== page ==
PS – Types of bananas – credit to Bruno Amorim


The Earth is round, but these meatballs are flat!

BLE friendly; Low carb; Low sodium; gluten-free

Most of you have made meatballs at some point and time in your life, perhaps they even bring back fond memories of family and friends. In our house, they are considered comfort food on those dark and windy winter days. Most recipes are pretty standard, usually a combo of ground pork and ground beef. The other usual suspects like bread crumbs or stale bread and milk, egg, Parmesan cheese and your favorite seasonings and away you go. One of those ingredients is not like the others, well, they are all different but I’m looking at just one…bread.

Yep, bread is delicious. It also helps pack on the pounds like you wouldn’t believe, and removing it and all other forms of flour has been a huge part of our lifestyle changes.

However, there was a problem…our meatballs were no longer balls, and boy did I hear about that from our daughter! They were just squished disks, that dried out easily. Now I wasn’t just going to give up on meatballs, I just needed to figure out a way to get them…well, round again.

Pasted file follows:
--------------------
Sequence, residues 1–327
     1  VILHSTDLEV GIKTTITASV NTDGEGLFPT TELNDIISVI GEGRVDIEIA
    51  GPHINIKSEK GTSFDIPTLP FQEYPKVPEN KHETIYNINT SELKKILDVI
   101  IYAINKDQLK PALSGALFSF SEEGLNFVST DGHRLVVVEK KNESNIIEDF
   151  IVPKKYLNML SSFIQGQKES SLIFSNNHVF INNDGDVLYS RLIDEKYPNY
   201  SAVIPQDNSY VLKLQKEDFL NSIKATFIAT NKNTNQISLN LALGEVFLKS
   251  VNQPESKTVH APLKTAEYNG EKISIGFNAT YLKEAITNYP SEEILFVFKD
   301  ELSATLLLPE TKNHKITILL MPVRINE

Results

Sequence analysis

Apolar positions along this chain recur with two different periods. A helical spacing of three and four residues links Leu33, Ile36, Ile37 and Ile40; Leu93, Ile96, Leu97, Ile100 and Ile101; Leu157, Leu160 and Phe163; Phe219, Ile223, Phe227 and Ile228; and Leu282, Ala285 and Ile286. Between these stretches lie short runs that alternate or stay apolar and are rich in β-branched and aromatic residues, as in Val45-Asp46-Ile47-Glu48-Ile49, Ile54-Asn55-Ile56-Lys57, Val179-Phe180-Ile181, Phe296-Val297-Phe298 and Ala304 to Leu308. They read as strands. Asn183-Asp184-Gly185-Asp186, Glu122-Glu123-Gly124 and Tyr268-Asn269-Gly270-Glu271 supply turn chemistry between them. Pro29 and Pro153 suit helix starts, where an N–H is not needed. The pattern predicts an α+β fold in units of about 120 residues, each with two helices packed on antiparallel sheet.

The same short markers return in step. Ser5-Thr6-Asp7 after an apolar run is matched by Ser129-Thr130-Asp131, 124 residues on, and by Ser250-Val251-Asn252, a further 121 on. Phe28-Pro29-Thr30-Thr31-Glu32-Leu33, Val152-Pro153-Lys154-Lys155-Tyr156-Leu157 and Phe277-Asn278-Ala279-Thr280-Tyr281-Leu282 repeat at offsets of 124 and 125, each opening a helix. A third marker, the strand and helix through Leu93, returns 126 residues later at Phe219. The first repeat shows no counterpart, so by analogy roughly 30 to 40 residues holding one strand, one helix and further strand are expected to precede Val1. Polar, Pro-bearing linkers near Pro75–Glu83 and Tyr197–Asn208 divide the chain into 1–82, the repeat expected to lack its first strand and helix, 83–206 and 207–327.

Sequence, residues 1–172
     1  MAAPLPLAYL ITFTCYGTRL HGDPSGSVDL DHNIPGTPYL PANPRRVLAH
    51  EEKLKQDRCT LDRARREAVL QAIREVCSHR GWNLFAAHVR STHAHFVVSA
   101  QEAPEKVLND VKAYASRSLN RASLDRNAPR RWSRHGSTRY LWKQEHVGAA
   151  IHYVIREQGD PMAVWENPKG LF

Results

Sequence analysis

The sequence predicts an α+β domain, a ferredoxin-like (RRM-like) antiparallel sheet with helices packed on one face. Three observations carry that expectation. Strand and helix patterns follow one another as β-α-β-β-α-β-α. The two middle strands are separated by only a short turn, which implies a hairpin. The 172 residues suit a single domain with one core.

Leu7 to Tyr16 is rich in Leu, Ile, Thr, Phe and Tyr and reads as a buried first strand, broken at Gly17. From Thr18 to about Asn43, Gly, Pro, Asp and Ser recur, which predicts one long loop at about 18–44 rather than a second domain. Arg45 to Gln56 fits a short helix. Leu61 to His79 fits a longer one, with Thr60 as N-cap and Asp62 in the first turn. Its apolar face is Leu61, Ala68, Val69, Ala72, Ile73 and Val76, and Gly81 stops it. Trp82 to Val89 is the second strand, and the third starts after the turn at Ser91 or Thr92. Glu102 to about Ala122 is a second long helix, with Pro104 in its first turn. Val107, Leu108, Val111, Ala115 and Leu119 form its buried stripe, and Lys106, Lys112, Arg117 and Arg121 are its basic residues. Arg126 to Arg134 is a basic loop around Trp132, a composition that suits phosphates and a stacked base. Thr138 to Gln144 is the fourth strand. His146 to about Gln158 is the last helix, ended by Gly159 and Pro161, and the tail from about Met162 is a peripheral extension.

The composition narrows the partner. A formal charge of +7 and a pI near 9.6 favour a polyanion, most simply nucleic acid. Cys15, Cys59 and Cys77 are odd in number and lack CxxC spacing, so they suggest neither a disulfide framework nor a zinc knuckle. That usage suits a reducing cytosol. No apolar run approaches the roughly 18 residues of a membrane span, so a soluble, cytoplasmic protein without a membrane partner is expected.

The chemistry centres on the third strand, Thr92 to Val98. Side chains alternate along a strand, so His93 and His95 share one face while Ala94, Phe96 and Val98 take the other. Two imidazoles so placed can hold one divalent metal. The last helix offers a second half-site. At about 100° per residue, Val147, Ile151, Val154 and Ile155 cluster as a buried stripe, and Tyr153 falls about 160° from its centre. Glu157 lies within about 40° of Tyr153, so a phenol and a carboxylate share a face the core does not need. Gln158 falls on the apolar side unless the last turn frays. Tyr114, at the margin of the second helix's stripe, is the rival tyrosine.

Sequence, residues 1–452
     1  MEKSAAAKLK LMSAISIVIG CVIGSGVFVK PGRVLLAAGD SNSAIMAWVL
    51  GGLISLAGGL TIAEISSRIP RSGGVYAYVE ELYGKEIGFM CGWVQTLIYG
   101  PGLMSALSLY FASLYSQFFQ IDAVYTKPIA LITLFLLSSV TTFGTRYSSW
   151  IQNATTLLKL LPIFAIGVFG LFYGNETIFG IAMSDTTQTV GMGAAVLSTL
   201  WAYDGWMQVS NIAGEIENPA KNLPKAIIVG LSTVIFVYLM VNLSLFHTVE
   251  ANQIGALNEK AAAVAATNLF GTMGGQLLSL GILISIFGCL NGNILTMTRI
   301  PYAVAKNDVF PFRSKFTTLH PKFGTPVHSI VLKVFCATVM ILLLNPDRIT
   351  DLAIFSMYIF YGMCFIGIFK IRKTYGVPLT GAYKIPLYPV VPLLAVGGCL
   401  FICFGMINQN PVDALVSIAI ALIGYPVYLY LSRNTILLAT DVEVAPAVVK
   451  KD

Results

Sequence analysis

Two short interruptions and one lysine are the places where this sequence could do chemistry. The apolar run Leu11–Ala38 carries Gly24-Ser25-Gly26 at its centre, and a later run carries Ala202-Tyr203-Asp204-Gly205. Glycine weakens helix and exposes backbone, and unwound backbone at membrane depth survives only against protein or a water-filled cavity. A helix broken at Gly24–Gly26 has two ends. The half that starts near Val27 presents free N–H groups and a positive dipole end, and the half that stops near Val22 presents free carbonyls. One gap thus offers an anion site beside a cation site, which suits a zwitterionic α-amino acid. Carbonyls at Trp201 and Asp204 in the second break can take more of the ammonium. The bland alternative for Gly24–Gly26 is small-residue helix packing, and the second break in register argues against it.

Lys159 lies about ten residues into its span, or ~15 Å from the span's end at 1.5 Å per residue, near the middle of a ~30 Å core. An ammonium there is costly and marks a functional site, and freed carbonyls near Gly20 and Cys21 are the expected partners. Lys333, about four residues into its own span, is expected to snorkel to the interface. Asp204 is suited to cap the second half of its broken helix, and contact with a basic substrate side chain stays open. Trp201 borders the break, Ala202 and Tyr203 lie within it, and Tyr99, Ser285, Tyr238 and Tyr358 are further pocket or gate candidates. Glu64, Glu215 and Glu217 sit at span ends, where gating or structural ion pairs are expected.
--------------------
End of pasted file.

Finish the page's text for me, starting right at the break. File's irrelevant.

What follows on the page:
Science! That was the answer to our problem, it turns out I had to step outside the box. I was rooting around the freezer looking for ground meat I had frozen awhile back, when I found it I had an eureka moment! What if I partially freeze the meatball mix before rolling them into balls? It worked! Now I don’t have to listen to my daughter complain about those flat meatballs anymore.


Serves four

  • 3/4 pound ground sirloin
  • 3/4 pound ground pork
  • 1/4 cup grated onion
  • 3-4 garlic cloves, minced
  • 1 egg
  • 1 tablespoon grated parmesan cheese
  • 1 tablespoon dried oregano
  • 1 tablespoon stoneground mustard
  • chili flakes to taste (optional)
  • Salt and pepper to taste
  • cooking spray

Go meatless! Substitute ground pork and ground beef for your favorite meatless ground!


Combine all ingredients in a large metal bowl, using your hands mix thoroughly, but don’t turn into a paste. Place bowl in freezer for about 30 minutes, the mixture will feel solid but not hard. Roll into about one inch balls and you may need to work in batches, refreezing the mixture once it gets to room temp.

The meatballs will hold their shape in the fridge until you are ready to cook, I usually bake at 350F for about 20 minutes or until a thermometer reads 165F.

We love these with a nice homemade marinara sauce, or stuffed into a lettuce wrap with some spicy pickled peppers.

Cheers, Blue


Veggie frittata, a weeknight savior.